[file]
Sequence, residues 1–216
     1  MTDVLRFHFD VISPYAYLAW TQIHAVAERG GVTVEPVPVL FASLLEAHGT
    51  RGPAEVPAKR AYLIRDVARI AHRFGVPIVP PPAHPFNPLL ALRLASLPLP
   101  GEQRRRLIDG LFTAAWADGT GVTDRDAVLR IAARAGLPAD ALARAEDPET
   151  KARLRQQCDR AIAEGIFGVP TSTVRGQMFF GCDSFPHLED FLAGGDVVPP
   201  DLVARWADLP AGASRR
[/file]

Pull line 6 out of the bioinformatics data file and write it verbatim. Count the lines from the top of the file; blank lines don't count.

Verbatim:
   201  DLVARWADLP AGASRR